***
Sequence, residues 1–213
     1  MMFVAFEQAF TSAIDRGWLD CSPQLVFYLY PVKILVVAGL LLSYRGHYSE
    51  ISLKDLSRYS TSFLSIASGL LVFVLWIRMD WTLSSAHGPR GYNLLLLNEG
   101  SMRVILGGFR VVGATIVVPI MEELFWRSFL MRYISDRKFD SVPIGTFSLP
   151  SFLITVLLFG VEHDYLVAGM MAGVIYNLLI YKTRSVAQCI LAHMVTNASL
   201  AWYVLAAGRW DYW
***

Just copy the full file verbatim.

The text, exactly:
Sequence, residues 1–213
     1  MMFVAFEQAF TSAIDRGWLD CSPQLVFYLY PVKILVVAGL LLSYRGHYSE
    51  ISLKDLSRYS TSFLSIASGL LVFVLWIRMD WTLSSAHGPR GYNLLLLNEG
   101  SMRVILGGFR VVGATIVVPI MEELFWRSFL MRYISDRKFD SVPIGTFSLP
   151  SFLITVLLFG VEHDYLVAGM MAGVIYNLLI YKTRSVAQCI LAHMVTNASL
   201  AWYVLAAGRW DYW